|Date(s):||1812 to 1837|
|Location(s):||HERKIMER, New York|
|Tag(s):||Economy, Interior Development|
|Course:||“Civil War and Reconstruction,” Juniata College|
One could argue that it was the governor of New York, DeWitt Clinton, who made the United States what they are today. Without him, and his efforts to build the Erie Canal, the United States would have experienced slower economic growth. He linked the Atlantic with the Great Lakes, via the Erie Canal running through New York State, empowering the North.
DeWitt Clinton saw the opportunity for New York to take on the power of expanding westward, and pushed the New York legislature to provide the funding for the canal project. This funneled money and supplies into New York bolstering their economy. Despite the fact that Clinton grew up in the North, Clinton was raised in a slave owning family and he was not completely opposed to slavery even when he was in politics. Clinton believed that the fight over owning slaves took up too much of the national attention. Ruggles, a Whig that supported the canal system, claims that he believed that public improvements were being put on hold while the North and the South fought over slavery. According to historian Carol Sheriff, Clinton helped make New York the Empire State in 1812, funding the 363 mile canal system from New York, via the Hudson River, through Buffalo and into the Great Lakes waterway system in 1812. As a result western trade then funneled through New York, claiming all of the economic benefits and therefore economic power—keeping it out of the hands of the Boston and Philadelphia, or even the South.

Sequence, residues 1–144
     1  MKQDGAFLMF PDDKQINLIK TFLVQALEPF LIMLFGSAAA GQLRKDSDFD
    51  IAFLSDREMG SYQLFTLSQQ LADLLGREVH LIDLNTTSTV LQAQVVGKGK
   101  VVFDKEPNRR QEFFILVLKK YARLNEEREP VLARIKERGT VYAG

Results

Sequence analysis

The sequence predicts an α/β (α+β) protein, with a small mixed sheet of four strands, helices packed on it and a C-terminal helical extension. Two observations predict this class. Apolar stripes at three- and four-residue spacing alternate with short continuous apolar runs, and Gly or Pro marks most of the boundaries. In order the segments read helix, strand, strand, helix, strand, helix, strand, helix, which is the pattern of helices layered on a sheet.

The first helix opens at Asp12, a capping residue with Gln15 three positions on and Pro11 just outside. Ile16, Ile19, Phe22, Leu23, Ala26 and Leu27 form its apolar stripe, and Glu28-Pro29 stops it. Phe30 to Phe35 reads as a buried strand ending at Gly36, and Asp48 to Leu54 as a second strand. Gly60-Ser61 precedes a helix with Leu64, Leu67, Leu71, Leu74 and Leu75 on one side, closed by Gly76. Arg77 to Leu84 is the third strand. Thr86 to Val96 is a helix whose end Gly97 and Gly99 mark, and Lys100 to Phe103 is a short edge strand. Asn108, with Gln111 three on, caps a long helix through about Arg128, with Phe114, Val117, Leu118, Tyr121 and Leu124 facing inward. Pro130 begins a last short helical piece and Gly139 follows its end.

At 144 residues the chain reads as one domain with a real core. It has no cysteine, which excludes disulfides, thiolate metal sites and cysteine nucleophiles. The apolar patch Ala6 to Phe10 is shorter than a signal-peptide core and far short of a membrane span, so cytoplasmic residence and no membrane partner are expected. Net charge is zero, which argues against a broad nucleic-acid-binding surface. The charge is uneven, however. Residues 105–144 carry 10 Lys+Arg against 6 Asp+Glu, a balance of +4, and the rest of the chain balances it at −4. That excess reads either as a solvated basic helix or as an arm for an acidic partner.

According to Samuel Ruggles, the canal carried 122,000,000 worth of goods for states other than New York across the Great Lakes. There were claims that the Mississippi brought the Union together, as it was the greatest means of transportation in the entirety of the Union, until the Erie Canal was dug. Ruggles emphasized the importance of the Erie Canal saying, "[The Erie Canal] does artificially what the Mississippi did naturally. It is a prevalent idea that the Mississippi is the bond that binds the Union together—but as a channel of trade, the Erie Canal equals the Mississippi." Clinton had secured success for the northern economy, especially the mid-west economy, which was falling because of the demand of cotton. Cities prospered along the canal, Albany, Utica, Syracuse, Rochester, Buffalo and other small towns and cities along the canal, not to mention the cities that bloomed and became more prosperous along the Great Lakes.
Clinton seems to be the unsung hero for the North. He is given little credit for his actions during the time of hardships. He strengthened the economy in the cities and towns off of the east coast. The "Salt City," Syracuse, prospered in this time and transported its salt across the North and into the mid-west.